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Categorized | Articles, Don Komarechka

Pushing Limits – Stacking Images to Expand Focus and Time (preview)

©Don Komarechka

By Don Komarechka

One way I’ve been pushing limits with my own photography in the past decade is trying to uncover ways to overcome the limitations of physics. For astrophotography, especially over long timescales, light pollution adds up to frustration. In macro photography we are faced with a depth-of-field that’s so shallow, we miss important details. The solution in both these cases is to combine multiple images together. Almost all of the effort in both scenarios is done in-camera, with an easy-to-follow process to make magic in Photoshop.


Starting with the night sky, one of my favourite concepts is to reveal the movement of the stars across the sky. You can do this with a single exposure measuring 30 minutes or longer, which isn’t for the faint of heart. Even if you can achieve this, you’ll find most of the horizon overexposed due to light pollution you would have never noticed with your own eyes. The easiest way to dive into this type of photography is to shoot 30-second exposures, and all you’ll need is a wired shutter release.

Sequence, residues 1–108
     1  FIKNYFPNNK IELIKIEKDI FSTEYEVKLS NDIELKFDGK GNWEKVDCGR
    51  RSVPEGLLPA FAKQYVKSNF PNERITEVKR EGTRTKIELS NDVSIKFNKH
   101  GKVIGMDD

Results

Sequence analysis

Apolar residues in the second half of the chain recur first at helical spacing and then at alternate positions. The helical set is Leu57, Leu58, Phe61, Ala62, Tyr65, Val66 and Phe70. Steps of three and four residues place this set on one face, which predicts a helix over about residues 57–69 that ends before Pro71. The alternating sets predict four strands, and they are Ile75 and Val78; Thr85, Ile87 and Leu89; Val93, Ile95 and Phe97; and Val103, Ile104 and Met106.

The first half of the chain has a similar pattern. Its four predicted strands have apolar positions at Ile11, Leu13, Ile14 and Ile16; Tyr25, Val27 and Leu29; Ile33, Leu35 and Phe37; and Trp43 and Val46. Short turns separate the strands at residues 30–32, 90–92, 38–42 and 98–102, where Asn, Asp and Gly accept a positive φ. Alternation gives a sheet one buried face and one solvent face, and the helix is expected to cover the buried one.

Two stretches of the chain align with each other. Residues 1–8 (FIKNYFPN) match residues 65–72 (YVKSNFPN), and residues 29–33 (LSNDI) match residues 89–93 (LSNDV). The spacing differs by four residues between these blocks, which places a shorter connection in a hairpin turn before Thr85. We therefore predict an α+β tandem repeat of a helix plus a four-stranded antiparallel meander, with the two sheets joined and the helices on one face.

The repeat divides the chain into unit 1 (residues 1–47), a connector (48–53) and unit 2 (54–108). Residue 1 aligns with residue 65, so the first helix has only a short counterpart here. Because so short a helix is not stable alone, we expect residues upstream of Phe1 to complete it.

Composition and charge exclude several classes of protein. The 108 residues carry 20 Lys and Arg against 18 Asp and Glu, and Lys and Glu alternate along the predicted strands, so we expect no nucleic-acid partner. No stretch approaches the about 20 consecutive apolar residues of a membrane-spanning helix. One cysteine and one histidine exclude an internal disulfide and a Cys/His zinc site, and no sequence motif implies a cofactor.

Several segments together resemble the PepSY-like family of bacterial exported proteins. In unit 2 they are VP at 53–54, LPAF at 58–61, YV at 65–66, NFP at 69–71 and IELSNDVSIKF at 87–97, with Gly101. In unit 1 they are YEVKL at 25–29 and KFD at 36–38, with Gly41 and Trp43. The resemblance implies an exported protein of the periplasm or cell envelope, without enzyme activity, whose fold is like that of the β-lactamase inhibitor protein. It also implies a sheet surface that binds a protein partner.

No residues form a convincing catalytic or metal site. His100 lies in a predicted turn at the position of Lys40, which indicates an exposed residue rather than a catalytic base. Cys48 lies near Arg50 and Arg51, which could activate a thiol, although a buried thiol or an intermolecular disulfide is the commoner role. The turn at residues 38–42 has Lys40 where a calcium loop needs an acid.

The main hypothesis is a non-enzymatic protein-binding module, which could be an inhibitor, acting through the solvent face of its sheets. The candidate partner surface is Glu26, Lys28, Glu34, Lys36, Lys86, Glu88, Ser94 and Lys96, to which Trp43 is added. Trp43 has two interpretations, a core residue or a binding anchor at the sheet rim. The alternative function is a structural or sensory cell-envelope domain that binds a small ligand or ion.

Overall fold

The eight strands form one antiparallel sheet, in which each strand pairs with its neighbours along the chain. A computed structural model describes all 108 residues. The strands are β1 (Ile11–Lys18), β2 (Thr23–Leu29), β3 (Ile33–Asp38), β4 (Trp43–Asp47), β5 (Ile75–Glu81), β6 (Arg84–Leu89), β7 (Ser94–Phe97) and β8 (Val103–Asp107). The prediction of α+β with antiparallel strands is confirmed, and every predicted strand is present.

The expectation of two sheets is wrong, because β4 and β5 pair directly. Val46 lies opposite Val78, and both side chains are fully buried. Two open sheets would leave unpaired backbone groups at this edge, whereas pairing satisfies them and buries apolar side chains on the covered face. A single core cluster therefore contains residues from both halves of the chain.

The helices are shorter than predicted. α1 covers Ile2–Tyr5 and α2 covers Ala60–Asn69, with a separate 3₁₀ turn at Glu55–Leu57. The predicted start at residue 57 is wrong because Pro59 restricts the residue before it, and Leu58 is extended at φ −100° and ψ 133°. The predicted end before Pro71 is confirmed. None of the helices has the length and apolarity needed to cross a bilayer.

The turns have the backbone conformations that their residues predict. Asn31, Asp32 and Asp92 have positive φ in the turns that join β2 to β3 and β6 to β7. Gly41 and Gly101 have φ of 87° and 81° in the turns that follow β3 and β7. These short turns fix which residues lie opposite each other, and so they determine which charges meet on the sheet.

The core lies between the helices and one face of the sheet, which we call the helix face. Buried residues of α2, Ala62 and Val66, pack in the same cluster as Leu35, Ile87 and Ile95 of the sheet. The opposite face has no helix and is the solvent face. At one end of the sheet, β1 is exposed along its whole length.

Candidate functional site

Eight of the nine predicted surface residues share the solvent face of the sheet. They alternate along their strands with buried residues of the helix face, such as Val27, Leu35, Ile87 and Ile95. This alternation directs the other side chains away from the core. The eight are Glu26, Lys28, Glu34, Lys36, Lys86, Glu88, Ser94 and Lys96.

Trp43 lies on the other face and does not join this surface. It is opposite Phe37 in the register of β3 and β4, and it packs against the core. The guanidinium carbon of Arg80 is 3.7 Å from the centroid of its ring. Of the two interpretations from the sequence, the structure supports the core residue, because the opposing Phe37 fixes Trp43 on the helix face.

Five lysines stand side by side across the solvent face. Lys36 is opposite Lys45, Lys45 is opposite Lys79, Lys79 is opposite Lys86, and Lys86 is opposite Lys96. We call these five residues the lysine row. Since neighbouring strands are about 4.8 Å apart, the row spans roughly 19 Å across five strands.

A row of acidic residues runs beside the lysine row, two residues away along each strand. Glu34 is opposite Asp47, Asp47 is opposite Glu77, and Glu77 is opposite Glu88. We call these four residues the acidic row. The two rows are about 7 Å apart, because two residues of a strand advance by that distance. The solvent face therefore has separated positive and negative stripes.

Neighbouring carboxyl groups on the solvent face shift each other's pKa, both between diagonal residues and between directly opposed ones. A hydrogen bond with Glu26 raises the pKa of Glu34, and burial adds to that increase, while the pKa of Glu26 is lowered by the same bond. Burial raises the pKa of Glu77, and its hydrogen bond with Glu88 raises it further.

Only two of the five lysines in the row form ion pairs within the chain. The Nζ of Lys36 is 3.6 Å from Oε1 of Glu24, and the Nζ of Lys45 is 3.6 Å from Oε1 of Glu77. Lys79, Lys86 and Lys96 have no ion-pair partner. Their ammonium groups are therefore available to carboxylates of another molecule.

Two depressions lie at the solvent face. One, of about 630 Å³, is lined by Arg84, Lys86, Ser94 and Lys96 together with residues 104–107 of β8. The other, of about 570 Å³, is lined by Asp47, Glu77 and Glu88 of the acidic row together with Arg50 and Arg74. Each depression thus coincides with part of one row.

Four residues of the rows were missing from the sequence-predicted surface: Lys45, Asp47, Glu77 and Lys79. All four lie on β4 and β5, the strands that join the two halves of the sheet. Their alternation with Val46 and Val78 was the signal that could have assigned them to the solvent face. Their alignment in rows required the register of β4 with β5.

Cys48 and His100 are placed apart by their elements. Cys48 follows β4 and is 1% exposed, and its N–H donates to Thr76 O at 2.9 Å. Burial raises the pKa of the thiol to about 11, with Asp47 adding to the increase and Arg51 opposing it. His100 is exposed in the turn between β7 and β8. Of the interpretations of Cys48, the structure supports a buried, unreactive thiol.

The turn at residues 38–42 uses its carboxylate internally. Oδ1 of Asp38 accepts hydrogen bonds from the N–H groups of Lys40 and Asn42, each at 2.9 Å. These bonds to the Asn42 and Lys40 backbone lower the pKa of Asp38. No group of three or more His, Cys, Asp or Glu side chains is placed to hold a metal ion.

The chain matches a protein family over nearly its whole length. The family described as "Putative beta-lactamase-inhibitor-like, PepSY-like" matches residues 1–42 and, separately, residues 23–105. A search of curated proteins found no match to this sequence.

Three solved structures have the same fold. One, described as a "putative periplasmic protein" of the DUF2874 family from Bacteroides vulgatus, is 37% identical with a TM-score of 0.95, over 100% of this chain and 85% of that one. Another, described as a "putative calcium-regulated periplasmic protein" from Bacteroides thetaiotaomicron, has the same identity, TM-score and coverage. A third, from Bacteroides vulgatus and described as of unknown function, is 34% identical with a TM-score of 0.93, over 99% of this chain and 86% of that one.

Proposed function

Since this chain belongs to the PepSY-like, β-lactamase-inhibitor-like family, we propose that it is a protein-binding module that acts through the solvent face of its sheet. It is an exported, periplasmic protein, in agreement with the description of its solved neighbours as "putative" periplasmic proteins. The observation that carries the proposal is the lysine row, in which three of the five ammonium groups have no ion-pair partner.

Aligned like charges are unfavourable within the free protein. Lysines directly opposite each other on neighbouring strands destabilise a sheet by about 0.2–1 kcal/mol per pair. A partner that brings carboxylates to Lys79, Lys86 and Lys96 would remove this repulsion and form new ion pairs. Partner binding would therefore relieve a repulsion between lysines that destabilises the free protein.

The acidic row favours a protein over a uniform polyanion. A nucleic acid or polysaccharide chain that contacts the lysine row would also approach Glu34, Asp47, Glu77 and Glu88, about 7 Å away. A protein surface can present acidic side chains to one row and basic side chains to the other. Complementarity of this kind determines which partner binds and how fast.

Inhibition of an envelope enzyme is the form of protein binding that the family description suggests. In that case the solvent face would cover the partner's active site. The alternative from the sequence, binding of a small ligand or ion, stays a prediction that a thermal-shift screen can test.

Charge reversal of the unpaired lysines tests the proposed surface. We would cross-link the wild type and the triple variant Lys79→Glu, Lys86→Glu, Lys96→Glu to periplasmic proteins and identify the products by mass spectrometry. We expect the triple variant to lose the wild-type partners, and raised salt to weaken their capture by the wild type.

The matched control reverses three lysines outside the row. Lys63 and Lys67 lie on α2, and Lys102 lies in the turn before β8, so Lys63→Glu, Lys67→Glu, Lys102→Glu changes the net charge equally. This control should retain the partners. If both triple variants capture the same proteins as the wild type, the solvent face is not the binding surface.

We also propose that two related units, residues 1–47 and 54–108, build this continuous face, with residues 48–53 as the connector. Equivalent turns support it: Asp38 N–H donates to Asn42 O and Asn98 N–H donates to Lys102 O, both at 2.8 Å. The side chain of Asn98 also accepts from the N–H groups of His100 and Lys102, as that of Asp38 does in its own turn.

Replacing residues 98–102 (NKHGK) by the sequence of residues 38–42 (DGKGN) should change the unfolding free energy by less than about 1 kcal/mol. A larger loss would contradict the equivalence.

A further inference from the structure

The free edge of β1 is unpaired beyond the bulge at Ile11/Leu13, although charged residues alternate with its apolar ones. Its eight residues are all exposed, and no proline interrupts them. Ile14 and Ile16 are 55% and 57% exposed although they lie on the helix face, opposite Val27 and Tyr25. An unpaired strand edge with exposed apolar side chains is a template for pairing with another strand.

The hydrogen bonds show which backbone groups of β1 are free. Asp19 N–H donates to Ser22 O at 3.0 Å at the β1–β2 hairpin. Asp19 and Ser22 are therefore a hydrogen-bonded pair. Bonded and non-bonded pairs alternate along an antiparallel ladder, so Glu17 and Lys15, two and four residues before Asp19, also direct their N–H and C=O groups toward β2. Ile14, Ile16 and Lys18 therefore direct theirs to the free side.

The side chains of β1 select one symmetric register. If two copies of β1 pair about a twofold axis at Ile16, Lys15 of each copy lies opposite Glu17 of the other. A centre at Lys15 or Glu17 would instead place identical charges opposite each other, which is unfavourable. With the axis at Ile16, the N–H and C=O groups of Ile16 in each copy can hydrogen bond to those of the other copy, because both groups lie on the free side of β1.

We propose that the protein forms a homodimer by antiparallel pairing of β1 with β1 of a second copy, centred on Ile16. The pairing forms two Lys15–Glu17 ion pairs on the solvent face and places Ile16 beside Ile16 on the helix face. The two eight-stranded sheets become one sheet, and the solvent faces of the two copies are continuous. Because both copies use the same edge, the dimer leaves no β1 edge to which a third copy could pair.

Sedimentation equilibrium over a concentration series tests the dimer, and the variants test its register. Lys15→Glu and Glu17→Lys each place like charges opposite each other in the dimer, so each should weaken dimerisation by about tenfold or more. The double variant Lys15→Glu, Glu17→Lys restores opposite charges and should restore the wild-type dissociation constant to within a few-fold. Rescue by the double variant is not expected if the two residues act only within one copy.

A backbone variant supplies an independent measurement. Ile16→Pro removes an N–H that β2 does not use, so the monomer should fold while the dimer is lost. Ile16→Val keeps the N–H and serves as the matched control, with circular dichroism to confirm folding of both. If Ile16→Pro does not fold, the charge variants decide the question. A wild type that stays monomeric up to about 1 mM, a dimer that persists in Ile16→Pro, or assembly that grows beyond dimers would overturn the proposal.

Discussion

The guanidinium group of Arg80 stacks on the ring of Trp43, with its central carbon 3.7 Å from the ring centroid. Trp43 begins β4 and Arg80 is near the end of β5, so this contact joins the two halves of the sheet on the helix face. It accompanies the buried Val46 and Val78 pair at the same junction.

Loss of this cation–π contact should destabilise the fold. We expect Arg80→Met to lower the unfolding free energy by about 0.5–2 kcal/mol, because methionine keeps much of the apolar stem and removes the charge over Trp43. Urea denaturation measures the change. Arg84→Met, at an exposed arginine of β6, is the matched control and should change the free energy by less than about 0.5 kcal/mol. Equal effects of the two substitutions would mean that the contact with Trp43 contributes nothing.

All wired shutter releases have a locking function that allows you to constantly depress the shutter even when you walk away from the camera and let go of the remote. Testing your exposure beforehand is a good idea, but I like to start at ISO 3200, ƒ2.8 and 30 seconds with focus set precisely to infinity. Once a test shot is successful, make sure that your camera is set to …

To read about Don’s technique for stacking images, and to read more of this not-to-miss issue please pick up the Spring 2018 issue today online or at your local newsstand. To never miss an issue you can subscribe here

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